Tourists pack the pews of Harlem's churches
“The service was beautiful and uplifting,” writes a British tourist rating the experience at five stars. Her 16-year-old son commented if all churches were like that, "more people would go." Maybe that explains the long lines around the block.
BY: Rob Kerby, Senior Editor
Gawking European tourists are paying to stand in long lines so they can enjoy a unique New York City experience — the legendary Gospel music of Harlem’s black churches.
Having to turn away crowds of international visitors are a number of evangelical neighborhood churches famous for their joyous choirs, sermons delivered in dramatic traditional cadence and unabashed congregations with an exuberant style of worshiping Jesus.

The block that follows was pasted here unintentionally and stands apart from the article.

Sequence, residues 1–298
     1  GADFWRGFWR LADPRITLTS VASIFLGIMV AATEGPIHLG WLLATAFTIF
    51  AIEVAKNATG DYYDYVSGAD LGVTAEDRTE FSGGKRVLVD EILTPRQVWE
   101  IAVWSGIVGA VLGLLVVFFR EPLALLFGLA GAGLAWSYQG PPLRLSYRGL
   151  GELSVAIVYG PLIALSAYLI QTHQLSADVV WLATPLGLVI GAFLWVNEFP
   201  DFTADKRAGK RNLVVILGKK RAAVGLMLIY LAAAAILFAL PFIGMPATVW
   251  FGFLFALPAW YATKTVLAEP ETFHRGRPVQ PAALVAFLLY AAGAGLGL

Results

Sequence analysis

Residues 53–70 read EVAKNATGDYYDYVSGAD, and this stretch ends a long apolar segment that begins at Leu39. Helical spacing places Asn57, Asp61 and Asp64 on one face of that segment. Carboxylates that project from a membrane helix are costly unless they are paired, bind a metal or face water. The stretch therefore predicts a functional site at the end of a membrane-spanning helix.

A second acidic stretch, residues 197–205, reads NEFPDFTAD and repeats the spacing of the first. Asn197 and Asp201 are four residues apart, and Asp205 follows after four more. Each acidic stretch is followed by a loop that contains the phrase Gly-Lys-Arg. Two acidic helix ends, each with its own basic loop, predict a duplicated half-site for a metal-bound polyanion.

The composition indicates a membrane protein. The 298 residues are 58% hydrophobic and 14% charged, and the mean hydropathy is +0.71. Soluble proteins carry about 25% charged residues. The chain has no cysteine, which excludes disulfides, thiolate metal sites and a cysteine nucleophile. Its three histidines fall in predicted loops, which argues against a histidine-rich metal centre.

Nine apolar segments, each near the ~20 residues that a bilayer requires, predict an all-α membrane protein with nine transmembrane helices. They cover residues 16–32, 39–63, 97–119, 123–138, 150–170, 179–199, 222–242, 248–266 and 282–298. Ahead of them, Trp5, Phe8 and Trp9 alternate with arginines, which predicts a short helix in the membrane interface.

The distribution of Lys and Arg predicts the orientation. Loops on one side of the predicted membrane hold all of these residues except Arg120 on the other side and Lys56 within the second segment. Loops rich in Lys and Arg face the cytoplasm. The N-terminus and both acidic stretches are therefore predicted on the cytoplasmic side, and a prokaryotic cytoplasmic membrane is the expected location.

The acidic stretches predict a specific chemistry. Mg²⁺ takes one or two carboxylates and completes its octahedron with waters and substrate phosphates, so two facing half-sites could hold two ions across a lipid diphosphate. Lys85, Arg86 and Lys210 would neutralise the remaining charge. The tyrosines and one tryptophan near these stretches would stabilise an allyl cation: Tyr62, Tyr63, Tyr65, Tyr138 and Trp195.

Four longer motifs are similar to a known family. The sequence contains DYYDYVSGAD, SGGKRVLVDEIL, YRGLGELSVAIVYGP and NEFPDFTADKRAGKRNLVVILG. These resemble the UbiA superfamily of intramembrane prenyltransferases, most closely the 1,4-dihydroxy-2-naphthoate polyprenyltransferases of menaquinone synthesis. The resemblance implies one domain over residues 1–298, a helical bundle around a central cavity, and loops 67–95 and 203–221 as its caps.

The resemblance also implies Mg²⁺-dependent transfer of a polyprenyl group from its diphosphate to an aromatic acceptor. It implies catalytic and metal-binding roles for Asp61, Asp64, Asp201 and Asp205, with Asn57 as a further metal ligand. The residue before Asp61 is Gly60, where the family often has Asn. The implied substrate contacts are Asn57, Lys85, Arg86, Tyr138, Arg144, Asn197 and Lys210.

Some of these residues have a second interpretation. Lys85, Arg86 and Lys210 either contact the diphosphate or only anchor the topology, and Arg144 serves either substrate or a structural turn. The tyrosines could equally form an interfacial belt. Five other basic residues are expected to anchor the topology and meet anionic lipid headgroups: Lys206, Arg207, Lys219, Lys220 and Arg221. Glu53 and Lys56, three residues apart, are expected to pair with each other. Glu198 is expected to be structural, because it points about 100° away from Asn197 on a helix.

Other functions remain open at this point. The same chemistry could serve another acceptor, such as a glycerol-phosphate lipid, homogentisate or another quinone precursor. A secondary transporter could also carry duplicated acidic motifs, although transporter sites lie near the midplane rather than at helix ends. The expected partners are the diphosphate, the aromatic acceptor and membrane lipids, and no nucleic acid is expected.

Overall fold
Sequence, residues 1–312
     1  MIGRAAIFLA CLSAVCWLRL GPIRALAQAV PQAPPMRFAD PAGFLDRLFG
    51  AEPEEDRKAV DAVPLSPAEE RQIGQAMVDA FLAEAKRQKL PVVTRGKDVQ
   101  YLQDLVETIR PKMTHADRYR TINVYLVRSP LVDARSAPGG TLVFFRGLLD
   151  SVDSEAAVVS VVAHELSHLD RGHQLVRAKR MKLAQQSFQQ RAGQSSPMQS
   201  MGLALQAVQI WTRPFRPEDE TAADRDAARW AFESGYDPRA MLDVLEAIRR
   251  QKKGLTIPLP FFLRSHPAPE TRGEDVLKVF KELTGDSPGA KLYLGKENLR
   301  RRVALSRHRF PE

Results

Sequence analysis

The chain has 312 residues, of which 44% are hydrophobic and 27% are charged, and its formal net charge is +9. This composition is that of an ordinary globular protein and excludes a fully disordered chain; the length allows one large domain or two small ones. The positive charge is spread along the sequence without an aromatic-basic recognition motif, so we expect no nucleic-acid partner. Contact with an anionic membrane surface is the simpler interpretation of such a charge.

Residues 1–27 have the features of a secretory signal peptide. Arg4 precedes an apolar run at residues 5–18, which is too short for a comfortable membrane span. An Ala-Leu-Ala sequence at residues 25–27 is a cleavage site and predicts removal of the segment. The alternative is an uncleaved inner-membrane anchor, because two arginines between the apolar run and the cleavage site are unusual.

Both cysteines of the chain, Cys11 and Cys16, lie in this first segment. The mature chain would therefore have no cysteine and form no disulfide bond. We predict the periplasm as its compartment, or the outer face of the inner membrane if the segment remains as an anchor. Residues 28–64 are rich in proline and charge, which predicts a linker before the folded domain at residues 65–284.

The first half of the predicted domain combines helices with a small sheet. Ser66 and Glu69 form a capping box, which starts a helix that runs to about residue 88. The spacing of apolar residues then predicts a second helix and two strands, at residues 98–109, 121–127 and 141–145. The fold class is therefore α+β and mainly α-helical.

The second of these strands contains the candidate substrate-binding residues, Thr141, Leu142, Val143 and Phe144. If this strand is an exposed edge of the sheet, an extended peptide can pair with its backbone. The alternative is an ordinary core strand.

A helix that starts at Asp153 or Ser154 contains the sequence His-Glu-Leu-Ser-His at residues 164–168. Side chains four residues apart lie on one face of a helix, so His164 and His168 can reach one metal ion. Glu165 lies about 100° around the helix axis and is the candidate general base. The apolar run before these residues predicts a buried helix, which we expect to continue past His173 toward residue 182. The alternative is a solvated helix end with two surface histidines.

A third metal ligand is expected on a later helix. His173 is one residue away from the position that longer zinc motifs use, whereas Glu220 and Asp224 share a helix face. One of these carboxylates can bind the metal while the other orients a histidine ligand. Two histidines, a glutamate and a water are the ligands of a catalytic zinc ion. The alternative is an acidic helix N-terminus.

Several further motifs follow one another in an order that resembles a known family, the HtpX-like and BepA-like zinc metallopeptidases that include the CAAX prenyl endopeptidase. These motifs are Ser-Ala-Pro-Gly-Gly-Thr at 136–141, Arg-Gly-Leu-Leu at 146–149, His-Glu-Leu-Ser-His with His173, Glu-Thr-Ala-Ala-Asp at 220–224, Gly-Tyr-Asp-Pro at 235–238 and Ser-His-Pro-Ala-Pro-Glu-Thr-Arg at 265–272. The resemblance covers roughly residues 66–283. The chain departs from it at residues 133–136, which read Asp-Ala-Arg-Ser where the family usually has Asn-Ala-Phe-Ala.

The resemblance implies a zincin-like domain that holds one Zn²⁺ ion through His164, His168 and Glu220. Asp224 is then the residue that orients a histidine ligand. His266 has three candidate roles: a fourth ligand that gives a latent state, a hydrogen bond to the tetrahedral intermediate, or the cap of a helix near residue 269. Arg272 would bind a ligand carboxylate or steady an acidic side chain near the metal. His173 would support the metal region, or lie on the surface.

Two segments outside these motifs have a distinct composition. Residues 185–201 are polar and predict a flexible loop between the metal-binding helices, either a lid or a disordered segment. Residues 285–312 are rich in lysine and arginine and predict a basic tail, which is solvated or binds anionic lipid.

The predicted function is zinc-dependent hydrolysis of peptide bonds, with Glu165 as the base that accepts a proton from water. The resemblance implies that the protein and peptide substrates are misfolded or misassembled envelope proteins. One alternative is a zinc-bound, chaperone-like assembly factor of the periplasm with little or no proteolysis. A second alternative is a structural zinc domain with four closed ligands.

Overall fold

“Experience the soul-stirring power of Gospel at a church worship service,” reads a tourist guide sales pitch offering half-day excursions for cruise ship passengers. “See the Apollo Theater and the Cotton Club. Option to add lunch of Soul Food available.”
“Take a guided tour through Harlem’s charming tree-lined streets and historic districts,” reads another, “before attending a worship service in a local church, where you will experience the soul-stirring power of Gospel music.”
That’s right, foreign tourists in New York City are paying $55 and $65 to go to church.
“Out of respect for congregants, we ask you not to wear shorts, tank tops and flip flops,” cautions one website, which offers tour packages in English, French, German, Italian and Spanish. “Cameras and camcorders are not allowed inside the church.”
And the on-line reviews are glowing: The service was beautiful, very uplifting and “everything that you would expect a Gospel service to be,” wrote a British tourist who rated the experience the full five